A double dip housing market is a bad sign of times to come. A brief answer to the question of what is a double dip housing market is as follows:
A double dip housing market is one where a long decline is followed by a flattening of loses. Once these loses flatten things seem to improve and there is actually a short period of growth. This flattening and growth are mirages, though, because a short time after this happens the housing market begins another descent.
♦ Are we in a double dip market now?
That is tough to say. Ultimately it is up to each person to decide the answer to that question on their own. There has been a period that things looked like they were getting better to only drop again. The question is whether the “flat” and “rise” periods were really long enough to be considered for a “double dip” or if they were just optimism from many people and really it has been a steady decline.
♦ What can be done with the housing market and the double dip.
The biggest thing is not to panic. That is easy to say if, of course, for someone not in danger of losing their home. But in times of great trouble come great opportunity. When it does flatten out every investor must analyze data and make a decision, is this a flattening before and inevitable rise in prices or is it just the “calm” before another calamitous drop. Getting that answer correct can be the difference between making a ton of money or losing a ton of money.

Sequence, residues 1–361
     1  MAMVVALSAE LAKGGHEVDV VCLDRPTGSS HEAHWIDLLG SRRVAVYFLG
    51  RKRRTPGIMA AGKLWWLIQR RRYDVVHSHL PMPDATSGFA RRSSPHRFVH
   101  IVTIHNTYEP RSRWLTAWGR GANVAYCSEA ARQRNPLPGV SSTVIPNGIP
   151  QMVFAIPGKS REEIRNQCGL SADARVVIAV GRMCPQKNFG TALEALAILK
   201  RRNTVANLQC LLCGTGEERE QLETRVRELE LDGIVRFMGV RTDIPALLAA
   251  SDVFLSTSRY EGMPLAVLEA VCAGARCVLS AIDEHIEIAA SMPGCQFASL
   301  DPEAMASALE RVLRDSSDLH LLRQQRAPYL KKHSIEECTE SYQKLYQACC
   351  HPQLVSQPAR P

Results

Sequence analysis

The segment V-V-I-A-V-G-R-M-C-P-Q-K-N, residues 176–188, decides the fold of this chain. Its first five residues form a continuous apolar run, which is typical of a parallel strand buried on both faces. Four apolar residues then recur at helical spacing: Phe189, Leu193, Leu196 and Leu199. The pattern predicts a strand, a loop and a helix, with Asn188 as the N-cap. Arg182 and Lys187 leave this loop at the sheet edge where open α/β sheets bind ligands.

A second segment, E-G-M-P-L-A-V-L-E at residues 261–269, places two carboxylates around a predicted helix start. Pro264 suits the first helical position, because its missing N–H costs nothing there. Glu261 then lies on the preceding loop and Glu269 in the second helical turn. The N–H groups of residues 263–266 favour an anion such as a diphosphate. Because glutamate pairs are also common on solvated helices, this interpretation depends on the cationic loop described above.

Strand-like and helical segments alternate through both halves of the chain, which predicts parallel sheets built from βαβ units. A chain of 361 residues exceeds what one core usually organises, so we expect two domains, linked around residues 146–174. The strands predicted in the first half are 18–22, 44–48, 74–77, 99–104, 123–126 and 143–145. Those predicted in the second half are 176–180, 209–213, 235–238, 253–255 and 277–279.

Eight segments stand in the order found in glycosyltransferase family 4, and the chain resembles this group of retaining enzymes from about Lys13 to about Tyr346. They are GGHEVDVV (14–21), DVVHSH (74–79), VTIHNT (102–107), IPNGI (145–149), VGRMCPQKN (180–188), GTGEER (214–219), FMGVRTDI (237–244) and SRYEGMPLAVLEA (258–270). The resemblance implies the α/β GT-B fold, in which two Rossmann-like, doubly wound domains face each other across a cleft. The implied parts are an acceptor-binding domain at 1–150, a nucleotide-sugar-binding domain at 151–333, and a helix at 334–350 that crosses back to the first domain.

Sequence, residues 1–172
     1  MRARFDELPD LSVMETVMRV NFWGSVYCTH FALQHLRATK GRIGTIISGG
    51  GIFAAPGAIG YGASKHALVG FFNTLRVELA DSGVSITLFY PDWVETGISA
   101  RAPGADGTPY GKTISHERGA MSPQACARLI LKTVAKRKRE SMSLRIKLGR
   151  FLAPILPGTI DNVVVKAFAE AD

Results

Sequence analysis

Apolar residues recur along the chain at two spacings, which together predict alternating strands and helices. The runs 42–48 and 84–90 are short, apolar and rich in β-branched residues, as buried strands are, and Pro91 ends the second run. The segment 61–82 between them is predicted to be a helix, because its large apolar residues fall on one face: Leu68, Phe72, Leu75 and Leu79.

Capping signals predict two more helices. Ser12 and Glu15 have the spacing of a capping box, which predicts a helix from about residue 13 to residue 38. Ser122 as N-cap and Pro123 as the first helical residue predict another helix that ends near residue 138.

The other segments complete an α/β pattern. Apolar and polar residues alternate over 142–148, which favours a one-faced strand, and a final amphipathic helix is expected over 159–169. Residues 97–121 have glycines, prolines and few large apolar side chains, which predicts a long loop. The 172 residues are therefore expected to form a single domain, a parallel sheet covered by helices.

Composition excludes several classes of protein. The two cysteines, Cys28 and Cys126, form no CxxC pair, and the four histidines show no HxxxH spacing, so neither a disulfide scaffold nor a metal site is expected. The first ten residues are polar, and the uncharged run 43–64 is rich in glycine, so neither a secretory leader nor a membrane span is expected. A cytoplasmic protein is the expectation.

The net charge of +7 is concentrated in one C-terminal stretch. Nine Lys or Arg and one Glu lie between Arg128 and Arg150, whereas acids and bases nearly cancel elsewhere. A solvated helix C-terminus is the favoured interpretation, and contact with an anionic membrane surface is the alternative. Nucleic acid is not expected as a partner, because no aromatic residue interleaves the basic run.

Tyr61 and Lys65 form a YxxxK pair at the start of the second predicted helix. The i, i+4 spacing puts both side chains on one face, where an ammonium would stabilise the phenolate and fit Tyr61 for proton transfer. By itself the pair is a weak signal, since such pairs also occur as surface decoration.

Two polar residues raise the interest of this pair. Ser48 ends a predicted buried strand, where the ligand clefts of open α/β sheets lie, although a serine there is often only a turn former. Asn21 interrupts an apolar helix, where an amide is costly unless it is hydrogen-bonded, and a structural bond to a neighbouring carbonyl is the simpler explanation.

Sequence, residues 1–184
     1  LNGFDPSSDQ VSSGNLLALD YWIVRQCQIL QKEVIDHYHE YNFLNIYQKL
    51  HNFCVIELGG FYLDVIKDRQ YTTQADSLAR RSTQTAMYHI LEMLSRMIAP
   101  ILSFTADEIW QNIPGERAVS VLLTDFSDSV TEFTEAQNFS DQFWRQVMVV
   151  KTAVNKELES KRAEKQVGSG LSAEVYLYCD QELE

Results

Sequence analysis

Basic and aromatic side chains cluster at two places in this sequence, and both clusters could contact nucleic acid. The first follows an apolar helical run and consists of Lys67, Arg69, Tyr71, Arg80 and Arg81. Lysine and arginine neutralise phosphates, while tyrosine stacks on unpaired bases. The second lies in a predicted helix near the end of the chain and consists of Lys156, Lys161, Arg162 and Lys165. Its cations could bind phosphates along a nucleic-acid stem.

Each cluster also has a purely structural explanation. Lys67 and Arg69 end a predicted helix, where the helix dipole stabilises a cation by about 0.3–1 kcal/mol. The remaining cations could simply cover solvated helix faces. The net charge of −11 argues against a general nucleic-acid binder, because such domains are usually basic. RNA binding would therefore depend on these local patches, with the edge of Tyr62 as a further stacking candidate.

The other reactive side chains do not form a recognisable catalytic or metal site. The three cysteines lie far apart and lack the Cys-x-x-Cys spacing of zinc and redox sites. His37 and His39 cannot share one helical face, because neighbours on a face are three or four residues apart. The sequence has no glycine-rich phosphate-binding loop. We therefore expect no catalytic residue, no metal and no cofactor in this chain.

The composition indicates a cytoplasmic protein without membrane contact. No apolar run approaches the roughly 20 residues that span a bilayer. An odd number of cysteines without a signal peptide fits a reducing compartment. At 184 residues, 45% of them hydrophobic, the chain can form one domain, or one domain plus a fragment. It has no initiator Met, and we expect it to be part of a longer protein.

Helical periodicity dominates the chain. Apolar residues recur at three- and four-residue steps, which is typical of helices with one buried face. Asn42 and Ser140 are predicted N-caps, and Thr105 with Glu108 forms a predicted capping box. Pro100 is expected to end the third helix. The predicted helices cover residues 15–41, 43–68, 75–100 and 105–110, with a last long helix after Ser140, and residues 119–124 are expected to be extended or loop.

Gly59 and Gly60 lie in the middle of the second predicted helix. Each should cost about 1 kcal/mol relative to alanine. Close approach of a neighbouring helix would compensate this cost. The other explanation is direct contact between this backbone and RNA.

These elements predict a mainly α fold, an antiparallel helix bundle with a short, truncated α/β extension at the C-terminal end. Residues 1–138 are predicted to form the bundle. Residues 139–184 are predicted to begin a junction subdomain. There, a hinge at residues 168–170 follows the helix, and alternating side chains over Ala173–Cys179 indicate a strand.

The main important take away is that a period of stability followed by a short increase in prices does not necessarily mean recovery has begun. A good investor has to have other sources of data and analysis to let them know if it is a good time to buy.
♦ It can take some faith
For a person who has been riding the housing crash all the way down the “investment” opportunities are meaningless. Their future and family security may be at risk. The thought of struggling to make it, finally seeing a “ray of hope” and only to have a double dip and another crash in prices is enough to frustrate any man or woman.
It I enough to say, “To Hell with It” and just walk away from the lose. This is of course an option, with both short sales and foreclosures. Sometimes you have to have faith though. History has shown us that “long” term housing prices will always rise. As more and more people compete for less and less space, the “relative” value of any property has only one place to go, and that is up.
♦ The legacy of the double dip.
Hopefully soon the prices will flatten out and rise. Really rise this time, not just an teasing, “double dip” rise. Ultimately it almost has to, but hopefully it does before more good people succumb and lose their homes to the crashing housing market.